Dogs and cats who are euthanized do not close their eyes upon death. This can be quite alarming to some and it makes some wonder if they are really gone. Your Snug Animal Hospital veterinarian or technician will listen to the chest with their stethoscope to insure the heart has completely stopped. If it makes you more comfortable, do not hesitate to ask to listen with our stethoscope. The quiet of not hearing a heart beat can be a moment of closure for some.
To Be Present Or Not To Be Present:
Many people find it comforting to be present during the euthanasia process. Some do not want to be present when it happens. This is an individual choice. There is no right or wrong here. It is what you feel you need to do! Whatever makes you and your family comfortable! If you don’t feel you can watch the process, do not feel guilty for not being there. It is perfectly acceptable to say your goodbyes and leave the room. Your pet will be treated with the utmost respect in both situations.
If you choose to be present during the procedure, we will place an intravenous catheter so that you can hold your pet. Once the process is completed, you can spend as much time with the pet saying your goodbyes.
If you choose not to be present, you are also welcome to spend as much time after the procedure with your pet’s remains to say goodbyes.
Children: Each individual family is the judge of when it is best to allow a child to be present in the room during a euthanasia. We generally do not recommend that children under 14 years of age be present for this process. This age cut-off comes from recommendations we have received from psychologists who work with children. However, this is a decision that we leave ultimately to discretion of the parents.
Care For My Pet’s Remains:
You will need to be prepared at the time of euthanasia or upon the death of a pet to decide what type of care of remains option you want to go with for your pet.
- Home Burial: Only recommended if legal in your area and if you are able to bury the body deep enough on your property. You would simply take the body with you following the euthanasia procedure. You would want to plan to bring a carrier or blankets to transport the remains home.
- Private Cemetery Burial: We recommend San Diego Pet Memorial Park. We can provide you with extensive information on this service or refer you directly to their Counselors.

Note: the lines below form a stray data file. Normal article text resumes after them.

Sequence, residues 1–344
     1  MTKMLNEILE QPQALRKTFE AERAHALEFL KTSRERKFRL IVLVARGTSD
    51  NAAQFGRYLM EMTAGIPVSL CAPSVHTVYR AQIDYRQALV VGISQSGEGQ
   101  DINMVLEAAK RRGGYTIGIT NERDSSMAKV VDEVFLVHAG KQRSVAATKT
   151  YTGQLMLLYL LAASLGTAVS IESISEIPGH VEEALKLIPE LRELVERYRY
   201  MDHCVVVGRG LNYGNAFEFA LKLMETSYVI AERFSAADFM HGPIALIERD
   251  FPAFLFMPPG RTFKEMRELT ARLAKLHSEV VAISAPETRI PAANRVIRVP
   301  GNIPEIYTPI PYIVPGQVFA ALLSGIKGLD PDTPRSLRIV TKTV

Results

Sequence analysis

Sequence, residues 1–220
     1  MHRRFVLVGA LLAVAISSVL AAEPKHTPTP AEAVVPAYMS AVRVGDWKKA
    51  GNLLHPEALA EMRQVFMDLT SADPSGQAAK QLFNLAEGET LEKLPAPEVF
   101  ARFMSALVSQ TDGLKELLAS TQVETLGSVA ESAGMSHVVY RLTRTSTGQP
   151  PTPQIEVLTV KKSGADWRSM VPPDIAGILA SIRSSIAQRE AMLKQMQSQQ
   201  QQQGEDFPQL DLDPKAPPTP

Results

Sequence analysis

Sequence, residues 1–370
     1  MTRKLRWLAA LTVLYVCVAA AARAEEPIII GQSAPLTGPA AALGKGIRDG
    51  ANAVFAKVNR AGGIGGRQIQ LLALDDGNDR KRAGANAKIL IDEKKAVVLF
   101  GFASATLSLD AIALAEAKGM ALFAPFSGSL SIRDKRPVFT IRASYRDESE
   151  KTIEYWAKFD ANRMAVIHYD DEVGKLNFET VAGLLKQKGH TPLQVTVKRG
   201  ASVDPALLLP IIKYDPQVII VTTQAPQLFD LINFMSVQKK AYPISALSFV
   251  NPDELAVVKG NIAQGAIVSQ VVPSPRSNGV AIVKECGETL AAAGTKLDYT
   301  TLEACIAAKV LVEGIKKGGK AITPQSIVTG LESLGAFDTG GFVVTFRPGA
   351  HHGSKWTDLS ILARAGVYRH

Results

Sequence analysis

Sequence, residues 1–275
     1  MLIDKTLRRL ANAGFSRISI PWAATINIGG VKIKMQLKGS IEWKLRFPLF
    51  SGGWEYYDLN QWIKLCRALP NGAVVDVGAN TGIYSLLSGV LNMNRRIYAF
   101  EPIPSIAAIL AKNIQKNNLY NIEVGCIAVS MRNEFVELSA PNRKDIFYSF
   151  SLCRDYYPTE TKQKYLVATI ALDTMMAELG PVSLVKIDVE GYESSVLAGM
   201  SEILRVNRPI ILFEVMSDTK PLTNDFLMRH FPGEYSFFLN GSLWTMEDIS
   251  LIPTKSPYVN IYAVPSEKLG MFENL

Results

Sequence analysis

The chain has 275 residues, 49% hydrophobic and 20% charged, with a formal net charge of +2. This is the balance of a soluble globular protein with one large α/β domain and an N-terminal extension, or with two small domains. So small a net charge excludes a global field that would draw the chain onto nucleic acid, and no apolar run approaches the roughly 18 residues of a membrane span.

- All of our cremations are performed with San Diego Pet Memorial (SDPM). They offer a variety of services. They welcome our clients to be present during the procedure or to tour the facility prior to the process. We offer communal, private and individual cremations. We also offer next day service.
- Communal Cremation: The body is cremated with other animals at the same time. Their ashes are collected together and scattered at sea. SDPM picks up your animal’s remains at our facility.
- Private Cremation: The body is cremated individually be separating the remains between blocks. Four animals are usually cremated at the same time, but this process keeps the cremains (ashes) separate. The ashes of each individual are collected and placed in a cedar urn (included in the cost). Different styles of urns are available at additional cost from the service. Pet pictures laser etched into the urns can also be done with some additional expense. Again, the remains are picked up from our facility and returned directly to our facility. You will be called when the remains return. This process usually takes 7-14 days.
- Individual Cremation: The body is cremated by itself without any other bodies present in the crematoria. The ashes are collected and placed in a cedar urn. The urn is returned to our facility within 7-14 days. There is a premium for this service. The price listed below for this service is for all weight classes and species (dogs, cats and other small animals).